Self-Care Tip #130 – Ask for help. Be a friend to yourself.
The last two days we’ve talked about self-care,
1. Bringing pleasure to be sticky
2. Starting and ending with “Me.”
The natural progression is to now discuss,
3. Taking care of ourself when we cannot. When we Cannot take care of “Me.”
Still responsible for the single person that God gave us to take care of, “Me,” we lie down unable to move. Unmotivated, maybe too scared to do what we need to do, emotions awry, other medical problems chorusing in with pain, stomach upset, even infertility – our own brain betrays us in our need.
When we cannot trust our own brain, our own selves, whom can we trust?
Some of us have found our answers to that. Our lives starting and ending with God, we go where He is. But the brain is ill and, sometimes, suspicious of the rest of us around without a visible halo. When people point at me, and say, “God can heal me. Do not you believe that?!” I say, “Yes. God is the Great Psychiatrist. I love that we are in the same line of work.” And I do.
I do my best to help tell, educate, and offer opportunities that lead to healing for ill people to choose. It is their choice. Self-care in the context of illness, of losing the ability to care for yourself, is a place of vulnerability. We show our jelly sides, the places without defense and we ask for help. Taking care of our selves includes asking for help. Scary, undefined, entrusting yourself with outside sources takes the courage that only those with mental illness could know.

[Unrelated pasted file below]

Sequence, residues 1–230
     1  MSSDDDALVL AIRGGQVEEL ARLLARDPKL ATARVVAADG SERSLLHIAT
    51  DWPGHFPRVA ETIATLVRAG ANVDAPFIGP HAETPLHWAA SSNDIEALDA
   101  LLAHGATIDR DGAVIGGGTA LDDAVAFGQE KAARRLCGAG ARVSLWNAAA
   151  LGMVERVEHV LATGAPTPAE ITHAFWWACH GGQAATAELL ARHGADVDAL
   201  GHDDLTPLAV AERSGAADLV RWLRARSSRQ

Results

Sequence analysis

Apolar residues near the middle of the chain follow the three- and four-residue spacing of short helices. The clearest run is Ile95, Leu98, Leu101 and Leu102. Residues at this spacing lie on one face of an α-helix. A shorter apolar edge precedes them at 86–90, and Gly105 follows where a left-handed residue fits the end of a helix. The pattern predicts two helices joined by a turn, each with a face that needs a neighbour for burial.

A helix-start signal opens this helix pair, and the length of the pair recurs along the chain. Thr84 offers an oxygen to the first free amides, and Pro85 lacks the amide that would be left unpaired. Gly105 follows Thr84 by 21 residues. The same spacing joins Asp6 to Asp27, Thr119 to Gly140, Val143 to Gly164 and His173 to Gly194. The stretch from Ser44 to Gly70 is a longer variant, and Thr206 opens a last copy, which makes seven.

Asking for help does not mean that the thread of self-care has left you. It cannot really. You being its source. Do not be confused by the obvious. Outside help does not mean you are not doing self-care.
When we cannot do our own self-care, we ask for help. Asking for help is self-care.
(In reality, everyone doing self-care needs to know when to ask. Healthy or ill, we cannot be good at it all. We are creatures who need each other.)
When we cannot trust our brain, find someone(s) else we are willing to invite to join our self-care efforts. Ask for help.
Question: How has asking for help been for you? Please tell me your story.
- Doctor Patient (distractible.org)
- You: Giving voice to coping with mental illness – Tidewater News (news.google.com)